On 21-22 November, Workers’ Liberty will be holding our annual conference.
This document about the Labour Party and the Corbyn surge will be one of those discussed. After decades of capitalist triumphalism and the decay of the left, the movement which carried Jeremy Corbyn to victory brings great openings and opportunities for socialists, potentially very great. But we have not yet emerged from the old period; that is the task to be accomplished.
We need to:
• Organise the newcomers into active CLPs, Young Labour groups, local left caucuses, etc.
• Fight for democracy and for an active political life at every level of the party and labour movement.
• At the same time, patiently explain class-struggle and socialist political ideas, shifting the debate, making new socialists and winning new support.
The progress of socialist education and organisation will also be vitally important for the fate and development of the broader movement. Either the “Corbyn surge” will be consolidated by building an active and democratic mass Labour Party and reviving working-class politics, or it will end with a backlash driven by the Labour right. Either we will to some significant extent win the battle of ideas in this movement, or it will go down, one way or another. We can do that only if we convince many more people of class-struggle socialist politics and rally significant numbers of them — and of those previously vaguely and passively sympathetic — into active fighters for the politics of working-class self-emancipation.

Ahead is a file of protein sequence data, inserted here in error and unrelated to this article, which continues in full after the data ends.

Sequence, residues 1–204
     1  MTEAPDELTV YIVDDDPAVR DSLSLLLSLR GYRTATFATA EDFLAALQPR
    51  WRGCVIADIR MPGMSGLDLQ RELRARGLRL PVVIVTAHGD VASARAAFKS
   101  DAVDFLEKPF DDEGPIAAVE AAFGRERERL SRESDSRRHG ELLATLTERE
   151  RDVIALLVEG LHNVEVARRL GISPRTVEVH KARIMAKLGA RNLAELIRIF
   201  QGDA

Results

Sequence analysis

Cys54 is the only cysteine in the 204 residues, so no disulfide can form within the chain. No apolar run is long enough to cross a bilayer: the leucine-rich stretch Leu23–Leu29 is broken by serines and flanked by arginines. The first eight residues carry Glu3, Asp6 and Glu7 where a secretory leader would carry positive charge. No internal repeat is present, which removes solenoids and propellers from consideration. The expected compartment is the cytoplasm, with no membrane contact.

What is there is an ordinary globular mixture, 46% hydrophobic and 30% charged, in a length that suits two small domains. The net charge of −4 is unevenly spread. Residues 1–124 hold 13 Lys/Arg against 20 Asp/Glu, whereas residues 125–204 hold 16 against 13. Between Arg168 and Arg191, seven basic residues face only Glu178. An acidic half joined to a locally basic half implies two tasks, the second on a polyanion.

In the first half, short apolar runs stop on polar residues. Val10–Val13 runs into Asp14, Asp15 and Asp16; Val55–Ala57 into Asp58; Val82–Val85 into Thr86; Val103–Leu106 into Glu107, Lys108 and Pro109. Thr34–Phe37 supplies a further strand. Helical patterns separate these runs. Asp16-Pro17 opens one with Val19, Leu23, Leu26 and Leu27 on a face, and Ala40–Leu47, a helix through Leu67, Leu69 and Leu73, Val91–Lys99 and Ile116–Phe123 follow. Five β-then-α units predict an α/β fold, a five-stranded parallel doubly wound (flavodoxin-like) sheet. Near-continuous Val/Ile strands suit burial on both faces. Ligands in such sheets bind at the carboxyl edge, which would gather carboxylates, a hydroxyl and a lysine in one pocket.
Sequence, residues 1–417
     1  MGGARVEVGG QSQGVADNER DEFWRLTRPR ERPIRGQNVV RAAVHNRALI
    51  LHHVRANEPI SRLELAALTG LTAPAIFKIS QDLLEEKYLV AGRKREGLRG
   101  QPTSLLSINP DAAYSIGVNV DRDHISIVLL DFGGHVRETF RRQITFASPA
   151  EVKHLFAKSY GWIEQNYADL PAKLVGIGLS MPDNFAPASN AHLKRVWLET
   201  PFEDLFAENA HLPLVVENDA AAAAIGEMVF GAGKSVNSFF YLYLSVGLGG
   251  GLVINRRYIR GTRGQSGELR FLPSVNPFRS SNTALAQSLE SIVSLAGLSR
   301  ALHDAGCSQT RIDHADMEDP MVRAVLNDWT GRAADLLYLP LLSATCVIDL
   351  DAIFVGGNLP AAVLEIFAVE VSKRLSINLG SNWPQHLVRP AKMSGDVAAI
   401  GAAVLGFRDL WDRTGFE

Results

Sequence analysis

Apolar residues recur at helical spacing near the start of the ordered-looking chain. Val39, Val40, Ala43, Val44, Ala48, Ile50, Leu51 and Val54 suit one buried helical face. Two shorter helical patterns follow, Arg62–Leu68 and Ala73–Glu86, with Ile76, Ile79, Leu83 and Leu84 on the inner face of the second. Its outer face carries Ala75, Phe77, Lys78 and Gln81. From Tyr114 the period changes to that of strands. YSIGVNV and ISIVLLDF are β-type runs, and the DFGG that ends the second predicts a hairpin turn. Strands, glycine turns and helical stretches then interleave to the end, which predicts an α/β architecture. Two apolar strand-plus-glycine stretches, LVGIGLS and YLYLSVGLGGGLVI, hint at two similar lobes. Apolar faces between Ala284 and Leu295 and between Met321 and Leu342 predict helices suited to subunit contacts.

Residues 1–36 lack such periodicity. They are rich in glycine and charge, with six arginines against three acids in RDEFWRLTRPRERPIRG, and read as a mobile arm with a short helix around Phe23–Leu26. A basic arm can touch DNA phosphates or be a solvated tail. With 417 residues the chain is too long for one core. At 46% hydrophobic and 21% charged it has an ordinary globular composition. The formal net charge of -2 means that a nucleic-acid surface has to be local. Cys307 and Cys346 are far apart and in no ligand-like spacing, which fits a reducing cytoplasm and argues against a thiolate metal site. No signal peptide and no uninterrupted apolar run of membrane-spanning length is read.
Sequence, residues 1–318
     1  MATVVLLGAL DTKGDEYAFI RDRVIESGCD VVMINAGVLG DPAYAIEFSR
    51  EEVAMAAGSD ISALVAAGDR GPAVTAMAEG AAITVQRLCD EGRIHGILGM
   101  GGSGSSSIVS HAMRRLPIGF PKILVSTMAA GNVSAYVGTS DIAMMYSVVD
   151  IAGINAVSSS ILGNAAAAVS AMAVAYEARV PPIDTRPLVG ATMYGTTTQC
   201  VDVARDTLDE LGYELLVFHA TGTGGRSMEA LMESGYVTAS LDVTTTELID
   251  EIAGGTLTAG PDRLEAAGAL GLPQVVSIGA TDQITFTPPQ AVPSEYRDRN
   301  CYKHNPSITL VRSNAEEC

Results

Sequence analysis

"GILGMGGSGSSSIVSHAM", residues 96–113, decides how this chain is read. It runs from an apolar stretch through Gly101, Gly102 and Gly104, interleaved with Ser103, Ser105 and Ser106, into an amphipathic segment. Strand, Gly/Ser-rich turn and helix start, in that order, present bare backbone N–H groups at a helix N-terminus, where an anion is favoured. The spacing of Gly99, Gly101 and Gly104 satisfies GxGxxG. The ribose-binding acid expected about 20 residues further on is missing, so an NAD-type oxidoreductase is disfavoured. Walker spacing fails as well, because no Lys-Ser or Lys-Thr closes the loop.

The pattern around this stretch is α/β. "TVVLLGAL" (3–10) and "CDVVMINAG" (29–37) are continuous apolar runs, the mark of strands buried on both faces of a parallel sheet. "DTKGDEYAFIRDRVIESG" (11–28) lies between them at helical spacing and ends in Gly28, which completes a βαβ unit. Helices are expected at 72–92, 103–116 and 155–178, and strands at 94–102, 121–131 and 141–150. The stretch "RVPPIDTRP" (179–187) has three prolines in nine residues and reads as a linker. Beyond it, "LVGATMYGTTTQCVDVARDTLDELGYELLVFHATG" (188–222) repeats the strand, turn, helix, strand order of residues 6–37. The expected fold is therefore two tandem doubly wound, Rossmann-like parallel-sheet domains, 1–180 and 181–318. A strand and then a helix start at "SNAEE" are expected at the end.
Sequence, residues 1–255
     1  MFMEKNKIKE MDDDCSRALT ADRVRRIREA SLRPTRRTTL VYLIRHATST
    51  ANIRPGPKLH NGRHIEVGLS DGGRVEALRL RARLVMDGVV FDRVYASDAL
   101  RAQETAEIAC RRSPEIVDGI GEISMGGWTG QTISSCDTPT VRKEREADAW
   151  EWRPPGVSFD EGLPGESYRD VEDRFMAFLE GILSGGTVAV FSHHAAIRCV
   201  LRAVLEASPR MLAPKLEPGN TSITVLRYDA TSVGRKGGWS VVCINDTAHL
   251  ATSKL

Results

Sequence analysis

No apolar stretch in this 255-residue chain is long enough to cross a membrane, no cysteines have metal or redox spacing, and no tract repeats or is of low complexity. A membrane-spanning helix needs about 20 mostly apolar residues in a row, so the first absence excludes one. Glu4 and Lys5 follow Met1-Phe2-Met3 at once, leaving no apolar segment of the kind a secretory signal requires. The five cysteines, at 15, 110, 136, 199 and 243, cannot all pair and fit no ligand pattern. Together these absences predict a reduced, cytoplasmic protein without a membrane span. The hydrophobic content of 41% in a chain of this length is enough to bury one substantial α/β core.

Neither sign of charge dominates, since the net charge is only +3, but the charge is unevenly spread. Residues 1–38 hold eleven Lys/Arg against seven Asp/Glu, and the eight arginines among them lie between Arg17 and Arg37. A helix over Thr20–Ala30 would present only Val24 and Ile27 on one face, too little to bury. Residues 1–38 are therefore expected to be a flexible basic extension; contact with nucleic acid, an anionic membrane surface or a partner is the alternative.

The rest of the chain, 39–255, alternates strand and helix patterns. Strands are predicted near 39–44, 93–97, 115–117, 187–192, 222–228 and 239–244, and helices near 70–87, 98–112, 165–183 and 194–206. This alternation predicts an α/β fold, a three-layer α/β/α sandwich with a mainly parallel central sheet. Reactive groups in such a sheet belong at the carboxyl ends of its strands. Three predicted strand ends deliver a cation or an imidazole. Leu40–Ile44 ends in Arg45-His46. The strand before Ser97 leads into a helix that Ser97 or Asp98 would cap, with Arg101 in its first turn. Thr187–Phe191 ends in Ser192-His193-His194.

During the Blair years, the Labour Party remained in general terms what we have called a “bourgeois workers’ party”, due largely to its institutional link with the unions. Within that formula, there was a very significant shift towards the bourgeois “pole”, as the Blairites reshaped the party structure, the party’s self-conscious working-class membership and supporter base attenuated, and the unions allowed themselves to be pushed to the margins. Now, with the Corbyn surge, there is a positive shift. Party membership, fast approaching 400,000 in mid-October, has more than doubled since the general election; on the face of it the influx is made up mostly of left-wing white collar workers and young people. There is a renewed movement for labour movement political representation, although many of those involved do not yet see it that way. The Blairite drive to push the unions out of Labour Party politics has been halted — in fact in some respects the unions have in the last four months played a more pro-active role in the party than ever before in its history.